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Bullet holes are seen April 12, 2013, in a window of a mobile home in a trailer park on Route 4 in Whitehall. The home was hit by bullets during an apparent drive-by shooting after a dispute involving visitors to a neighboring mobile home that was also hit by multiple bullets, police said. 

A mid-level appeals court on Thursday threw out robbery and burglary convictions for a New York City man whose attack on a group of rival drug dealers prompted a shooting in a Whitehall trailer park hours later.

The Appellate Division of state Supreme Court found insufficient evidence to convict Tyshen “Nitty” Matthews of Queens of a robbery count and found that he was denied adequate counsel for his trial.

Matthews has been serving a 20-year prison term for the April 2013 robbery of a group of drug dealers who were staying at a motel in Hampton.

Matthews had been selling crack cocaine from a Route 4 trailer park and, as retribution for the robbery, the group that he targeted fired 10 shots from a rifle into a trailer where he had been staying.

No one was hurt, but the two violent crimes led to felony convictions for six other people as authorities learned that drug gangs from New York City and Hartford, Connnecticut, were in a dispute over turf.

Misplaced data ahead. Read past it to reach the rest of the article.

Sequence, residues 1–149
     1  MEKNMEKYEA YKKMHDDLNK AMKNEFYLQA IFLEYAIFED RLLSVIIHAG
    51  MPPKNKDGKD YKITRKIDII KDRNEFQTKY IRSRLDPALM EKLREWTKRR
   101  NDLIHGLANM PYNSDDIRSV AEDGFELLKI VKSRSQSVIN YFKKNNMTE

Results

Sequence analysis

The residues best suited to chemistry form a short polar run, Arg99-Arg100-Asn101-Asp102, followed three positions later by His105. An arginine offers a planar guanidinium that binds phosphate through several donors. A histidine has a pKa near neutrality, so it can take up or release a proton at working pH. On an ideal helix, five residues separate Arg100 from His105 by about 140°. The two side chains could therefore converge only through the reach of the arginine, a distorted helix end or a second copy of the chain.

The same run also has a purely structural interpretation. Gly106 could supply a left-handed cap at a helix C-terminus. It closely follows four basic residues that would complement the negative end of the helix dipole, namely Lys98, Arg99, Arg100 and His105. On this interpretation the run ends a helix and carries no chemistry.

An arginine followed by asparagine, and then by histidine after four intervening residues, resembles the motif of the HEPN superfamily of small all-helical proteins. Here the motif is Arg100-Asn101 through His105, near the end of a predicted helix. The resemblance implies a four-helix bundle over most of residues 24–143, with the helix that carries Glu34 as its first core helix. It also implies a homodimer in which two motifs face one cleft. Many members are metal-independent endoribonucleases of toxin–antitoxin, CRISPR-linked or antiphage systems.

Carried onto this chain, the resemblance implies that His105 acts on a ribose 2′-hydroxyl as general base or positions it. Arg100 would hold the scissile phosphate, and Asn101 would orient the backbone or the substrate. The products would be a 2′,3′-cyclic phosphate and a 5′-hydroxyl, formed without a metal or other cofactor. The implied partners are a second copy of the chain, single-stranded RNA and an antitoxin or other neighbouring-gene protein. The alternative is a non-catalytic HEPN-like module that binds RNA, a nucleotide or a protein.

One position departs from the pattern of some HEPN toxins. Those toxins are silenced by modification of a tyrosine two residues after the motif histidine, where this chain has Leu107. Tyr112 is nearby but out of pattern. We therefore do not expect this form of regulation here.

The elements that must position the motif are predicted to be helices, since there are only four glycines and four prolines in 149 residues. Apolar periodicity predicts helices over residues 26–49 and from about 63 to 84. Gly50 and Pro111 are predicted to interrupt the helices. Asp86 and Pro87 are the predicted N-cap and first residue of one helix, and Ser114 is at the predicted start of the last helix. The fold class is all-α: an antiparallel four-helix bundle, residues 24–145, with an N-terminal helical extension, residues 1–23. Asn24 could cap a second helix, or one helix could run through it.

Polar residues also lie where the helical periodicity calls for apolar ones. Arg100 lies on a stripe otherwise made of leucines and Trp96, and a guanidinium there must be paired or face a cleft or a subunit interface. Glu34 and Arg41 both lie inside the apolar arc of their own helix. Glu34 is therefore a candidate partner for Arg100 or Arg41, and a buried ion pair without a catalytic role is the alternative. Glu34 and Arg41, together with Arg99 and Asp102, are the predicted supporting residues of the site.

Matthews was convicted after a trial in Washington County Court. The trial occurred three weeks after his court-appointed lawyer, Martin Carbone, had sought to be taken off the case, arguing that the attorney-client relationship had “deteriorated” to the point he could not represent Matthews because his client yelled at him, filed his own pre-trial motions and filed complaints against him.

Judge Kelly McKeighan declined to relieve him, and the Appellate Division found that he should have inquired further about the relationship before denying the request.

The appeals court also threw out the weightiest charge against Matthews, first-degree robbery.

While the reversal returns the case to Washington County Court for a re-trial, the first-degree robbery charge will not be considered for re-trial, as the Appellate Division found that the plastic pellet gun that was used during the motel robbery could not be considered a weapon or “dangerous instrument.”

“Indisputably, the ‘gun’ was plastic and did not work, and there was no evidence that it could potentially harm someone,” Justice Michael Lynch wrote.

Instead, he should face a lesser count of second-degree robbery, the court found.

Matthews, 46, was being held in the maximum-security Downstate Correctional Facility as of Thursday, but will be returned to Washington County in the coming days for his case to be heard again.

He was represented on appeal by lawyer Thomas Garner of Middleburgh. The Warren County District Attorney’s Office is prosecuting the case as a special prosecutor, assigned because the Washington County District Attorney’s Office had a conflict as it prosecuted the victims of the robbery on drug cases.


Don Lehman covers crime and Warren County government for The Post-Star. His work can be found on Twitter @PS_CrimeCourts and on

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